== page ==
Conduct a Site Analysis - Part 1

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This article will teach you how to conduct a landscape site analysis.
by Brian Wilson · All Zones · Design · 0 Comments · August 31, 2010 · 12,841 views

Before a landscape design is drawn for your property, a complete survey of the property is essential. From this survey you can draw or sketch a plot plan. The plot plan will assist you in organizing the information from the site analysis. A thorough site analysis can save you time and money. Existing plants trees or other vegetation, natural factors and features, views, noise levels, utility placement, easements/setback lines and primary architectural features of the house should be considered and/or noted before drawing up a design.

Existing Plants & Trees

Location of existing trees and other plants should be recorded on the plot plan. Trees on adjoining property that would affect shade patterns should also be surveyed. This information is essential to designers, especially since it is their responsibility to blend this home into the natural or existing setting, or to create a setting to be functional and to complement the structure. Note any existing trees or plants that will be removed, left where they are or relocated. Note their size and determine what size they ultimately mature to so you can draw them to scale in the plan.

Natural Factors and Features

The natural factors and features of a landscape include house orientation, land form, soil conditions, rainfall distribution, seasonal wind pattern and micro-climatic conditions. House orientation affects the exposure of various portions of the house to the sun. This knowledge is essential so the designer can provide shade in important spots and locate activity areas appropriately. For example, a southeastern exposure is generally the most comfortable spot year-round since it provides afternoon shade while a western exposure will be hot in the summer and cold in the winter.

Land Form

Land form refers to slope or land elevation changes. It determines surface water drainage patterns and is essential knowledge in developing functional and aesthetically pleasing landscapes.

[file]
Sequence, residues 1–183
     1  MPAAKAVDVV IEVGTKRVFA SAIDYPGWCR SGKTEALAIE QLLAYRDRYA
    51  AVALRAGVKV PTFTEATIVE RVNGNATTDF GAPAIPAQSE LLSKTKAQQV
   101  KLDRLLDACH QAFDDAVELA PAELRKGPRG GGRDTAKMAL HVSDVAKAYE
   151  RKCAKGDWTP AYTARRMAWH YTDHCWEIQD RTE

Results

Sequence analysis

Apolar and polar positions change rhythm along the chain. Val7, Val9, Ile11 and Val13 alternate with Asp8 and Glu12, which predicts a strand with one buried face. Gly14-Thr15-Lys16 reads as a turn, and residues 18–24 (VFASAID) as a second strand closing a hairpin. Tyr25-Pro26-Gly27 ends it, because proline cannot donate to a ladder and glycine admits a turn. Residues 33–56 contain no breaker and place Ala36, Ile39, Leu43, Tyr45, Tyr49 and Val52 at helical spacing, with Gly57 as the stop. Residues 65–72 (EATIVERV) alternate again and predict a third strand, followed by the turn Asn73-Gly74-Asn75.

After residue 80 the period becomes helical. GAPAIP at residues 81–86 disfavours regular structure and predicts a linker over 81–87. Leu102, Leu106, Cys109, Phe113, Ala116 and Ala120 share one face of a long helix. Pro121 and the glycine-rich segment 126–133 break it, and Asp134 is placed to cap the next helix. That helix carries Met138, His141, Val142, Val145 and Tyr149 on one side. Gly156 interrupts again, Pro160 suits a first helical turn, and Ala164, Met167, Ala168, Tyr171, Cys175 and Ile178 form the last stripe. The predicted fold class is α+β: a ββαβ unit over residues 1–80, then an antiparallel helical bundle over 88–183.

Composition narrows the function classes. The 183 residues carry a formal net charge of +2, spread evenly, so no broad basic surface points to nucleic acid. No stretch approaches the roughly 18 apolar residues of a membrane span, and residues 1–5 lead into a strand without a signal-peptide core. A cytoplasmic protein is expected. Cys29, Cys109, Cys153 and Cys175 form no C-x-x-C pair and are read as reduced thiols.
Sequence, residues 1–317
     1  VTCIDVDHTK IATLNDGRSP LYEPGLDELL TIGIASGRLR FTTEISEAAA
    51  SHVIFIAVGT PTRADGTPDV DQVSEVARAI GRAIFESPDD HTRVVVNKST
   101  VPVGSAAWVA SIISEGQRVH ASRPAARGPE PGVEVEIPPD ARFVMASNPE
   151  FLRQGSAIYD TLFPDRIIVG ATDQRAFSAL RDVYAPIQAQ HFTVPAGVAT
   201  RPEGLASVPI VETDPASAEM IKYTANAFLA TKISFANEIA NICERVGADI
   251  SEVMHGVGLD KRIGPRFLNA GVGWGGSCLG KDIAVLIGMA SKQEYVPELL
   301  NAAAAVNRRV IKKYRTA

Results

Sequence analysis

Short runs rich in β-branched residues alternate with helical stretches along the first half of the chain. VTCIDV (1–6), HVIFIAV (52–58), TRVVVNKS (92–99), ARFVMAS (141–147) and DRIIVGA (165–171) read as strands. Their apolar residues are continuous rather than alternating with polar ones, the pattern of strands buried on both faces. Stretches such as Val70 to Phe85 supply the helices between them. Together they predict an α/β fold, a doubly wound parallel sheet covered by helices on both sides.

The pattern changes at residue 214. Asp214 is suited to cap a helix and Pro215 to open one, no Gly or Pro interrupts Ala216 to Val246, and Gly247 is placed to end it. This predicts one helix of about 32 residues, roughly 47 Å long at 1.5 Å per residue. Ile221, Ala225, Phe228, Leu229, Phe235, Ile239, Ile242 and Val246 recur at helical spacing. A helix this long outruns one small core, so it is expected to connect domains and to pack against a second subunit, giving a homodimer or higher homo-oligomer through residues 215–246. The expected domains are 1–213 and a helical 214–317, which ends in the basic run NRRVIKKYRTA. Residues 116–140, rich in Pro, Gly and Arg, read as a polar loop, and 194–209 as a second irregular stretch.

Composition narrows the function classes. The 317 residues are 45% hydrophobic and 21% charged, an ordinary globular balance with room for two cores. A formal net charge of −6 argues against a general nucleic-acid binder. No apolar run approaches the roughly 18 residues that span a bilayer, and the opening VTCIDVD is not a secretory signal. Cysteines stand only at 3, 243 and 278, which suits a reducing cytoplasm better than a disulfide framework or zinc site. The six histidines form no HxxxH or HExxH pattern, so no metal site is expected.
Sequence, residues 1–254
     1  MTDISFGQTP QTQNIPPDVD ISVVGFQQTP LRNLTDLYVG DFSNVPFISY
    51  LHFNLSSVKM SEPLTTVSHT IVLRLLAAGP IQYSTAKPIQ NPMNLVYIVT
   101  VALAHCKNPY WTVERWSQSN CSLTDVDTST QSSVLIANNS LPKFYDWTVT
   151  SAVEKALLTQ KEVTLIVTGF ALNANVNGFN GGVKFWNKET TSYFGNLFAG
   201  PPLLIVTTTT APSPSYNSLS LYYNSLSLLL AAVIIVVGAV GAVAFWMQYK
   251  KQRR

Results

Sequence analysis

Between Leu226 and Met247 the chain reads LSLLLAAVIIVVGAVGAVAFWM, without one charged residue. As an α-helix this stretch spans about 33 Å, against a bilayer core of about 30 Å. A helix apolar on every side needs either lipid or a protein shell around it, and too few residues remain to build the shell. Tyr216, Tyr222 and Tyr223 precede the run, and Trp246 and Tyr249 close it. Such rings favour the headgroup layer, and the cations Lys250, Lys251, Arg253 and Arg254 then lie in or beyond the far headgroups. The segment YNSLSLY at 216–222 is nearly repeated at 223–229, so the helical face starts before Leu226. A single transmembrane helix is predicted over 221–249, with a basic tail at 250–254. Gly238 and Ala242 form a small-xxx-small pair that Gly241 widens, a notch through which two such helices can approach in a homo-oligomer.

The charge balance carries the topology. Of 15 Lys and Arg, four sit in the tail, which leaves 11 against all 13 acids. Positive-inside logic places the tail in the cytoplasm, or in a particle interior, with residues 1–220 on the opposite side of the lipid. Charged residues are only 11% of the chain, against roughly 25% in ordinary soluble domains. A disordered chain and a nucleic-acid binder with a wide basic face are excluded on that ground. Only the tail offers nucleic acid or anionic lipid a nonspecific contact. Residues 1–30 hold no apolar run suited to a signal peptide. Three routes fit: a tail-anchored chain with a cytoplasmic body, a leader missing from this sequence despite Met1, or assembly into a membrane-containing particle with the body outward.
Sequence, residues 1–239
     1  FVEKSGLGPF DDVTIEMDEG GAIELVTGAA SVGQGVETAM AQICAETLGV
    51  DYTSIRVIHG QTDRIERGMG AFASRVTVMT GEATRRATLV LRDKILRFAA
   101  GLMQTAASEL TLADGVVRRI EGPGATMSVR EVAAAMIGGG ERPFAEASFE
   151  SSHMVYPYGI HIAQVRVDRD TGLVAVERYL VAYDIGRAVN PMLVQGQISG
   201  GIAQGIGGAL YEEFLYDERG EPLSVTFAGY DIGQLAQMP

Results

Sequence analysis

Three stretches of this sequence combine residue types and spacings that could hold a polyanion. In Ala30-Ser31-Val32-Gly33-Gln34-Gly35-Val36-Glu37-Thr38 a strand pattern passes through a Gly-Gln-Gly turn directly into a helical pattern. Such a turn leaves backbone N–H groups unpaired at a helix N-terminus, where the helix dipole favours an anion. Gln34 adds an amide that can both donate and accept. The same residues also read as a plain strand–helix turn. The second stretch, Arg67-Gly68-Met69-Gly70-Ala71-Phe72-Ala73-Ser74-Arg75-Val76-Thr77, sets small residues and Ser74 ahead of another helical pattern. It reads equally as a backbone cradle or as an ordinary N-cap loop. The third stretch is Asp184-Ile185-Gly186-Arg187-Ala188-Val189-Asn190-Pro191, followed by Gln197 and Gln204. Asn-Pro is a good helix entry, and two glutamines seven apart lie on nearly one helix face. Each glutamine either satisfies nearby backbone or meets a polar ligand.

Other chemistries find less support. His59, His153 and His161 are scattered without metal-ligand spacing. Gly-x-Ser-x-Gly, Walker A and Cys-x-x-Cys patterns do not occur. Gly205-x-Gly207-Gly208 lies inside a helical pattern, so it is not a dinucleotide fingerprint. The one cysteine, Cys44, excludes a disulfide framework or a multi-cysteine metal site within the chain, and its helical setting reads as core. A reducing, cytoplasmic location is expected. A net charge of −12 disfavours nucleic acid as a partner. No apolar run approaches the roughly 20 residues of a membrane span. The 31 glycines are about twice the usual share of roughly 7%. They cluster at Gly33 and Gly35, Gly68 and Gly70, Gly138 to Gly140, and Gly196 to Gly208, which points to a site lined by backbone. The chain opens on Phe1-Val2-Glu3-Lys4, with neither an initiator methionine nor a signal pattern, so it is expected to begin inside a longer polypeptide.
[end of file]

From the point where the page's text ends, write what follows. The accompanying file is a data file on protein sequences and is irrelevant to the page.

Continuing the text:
Soil characteristics will determine selection and placement of plants. Soil pH, nutrient and waterholding capacity and drainage should be considered.

Rainfall distribution can be determined on a regional basis. Periods of heavy rainfall can magnify the problems of shallow soils or a hardpan resulting in unwanted standing water. Sometimes these conditions may require the engineering of drainage modifications by some type of tiles, pipe or grading for correction. Often the conditions simply require careful plant selection. For instance an area that retains moisture could be turned from a liability to an asset quite inexpensively with plants that prefer moisture retentive soils such as the Yellow Flag Iris.

Exposure to Wind and Wind Directions

Predominate wind directions differ depending on location, the season and the time of day. Where the wind direction differs in summer and winter, plantings using screen plants can be arranged to block the cold winter winds from a patio and direct summer breezes into this same area. While conducting the site analysis, be sure to look for existing wind breaks provided by plants and structures on the property or on adjacent property.


Views should be identified that are to be preserved or accented. Likewise, less desirable views must be considered so screening can be planned. Views and activities 30 feet or so from the property line must be surveyed. During the site analysis, views should be observed from inside the house to outside and from outside to inside the house. Observe the neighbors' property from positions on the property, and view the property from the neighbors' lots if possible. The house should also be observed at multiple angles from the street. Pictures from an digital camera can be very helpful in reminding the designer of specific views when sitting back at the drawing table.


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